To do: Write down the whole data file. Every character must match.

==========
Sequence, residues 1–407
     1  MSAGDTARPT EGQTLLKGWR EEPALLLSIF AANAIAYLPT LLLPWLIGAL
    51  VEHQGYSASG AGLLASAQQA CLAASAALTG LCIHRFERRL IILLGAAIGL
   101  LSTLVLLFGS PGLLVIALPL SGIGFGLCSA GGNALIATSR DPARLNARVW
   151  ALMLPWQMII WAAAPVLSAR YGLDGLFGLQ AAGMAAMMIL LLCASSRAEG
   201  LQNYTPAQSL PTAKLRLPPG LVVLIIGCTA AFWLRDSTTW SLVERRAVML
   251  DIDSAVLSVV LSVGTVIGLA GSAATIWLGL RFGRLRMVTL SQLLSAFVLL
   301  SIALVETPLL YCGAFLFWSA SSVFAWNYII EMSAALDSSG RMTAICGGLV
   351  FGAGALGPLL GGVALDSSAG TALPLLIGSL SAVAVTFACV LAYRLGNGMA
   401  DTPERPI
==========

Sequence, residues 1–407
     1  MSAGDTARPT EGQTLLKGWR EEPALLLSIF AANAIAYLPT LLLPWLIGAL
    51  VEHQGYSASG AGLLASAQQA CLAASAALTG LCIHRFERRL IILLGAAIGL
   101  LSTLVLLFGS PGLLVIALPL SGIGFGLCSA GGNALIATSR DPARLNARVW
   151  ALMLPWQMII WAAAPVLSAR YGLDGLFGLQ AAGMAAMMIL LLCASSRAEG
   201  LQNYTPAQSL PTAKLRLPPG LVVLIIGCTA AFWLRDSTTW SLVERRAVML
   251  DIDSAVLSVV LSVGTVIGLA GSAATIWLGL RFGRLRMVTL SQLLSAFVLL
   301  SIALVETPLL YCGAFLFWSA SSVFAWNYII EMSAALDSSG RMTAICGGLV
   351  FGAGALGPLL GGVALDSSAG TALPLLIGSL SAVAVTFACV LAYRLGNGMA
   401  DTPERPI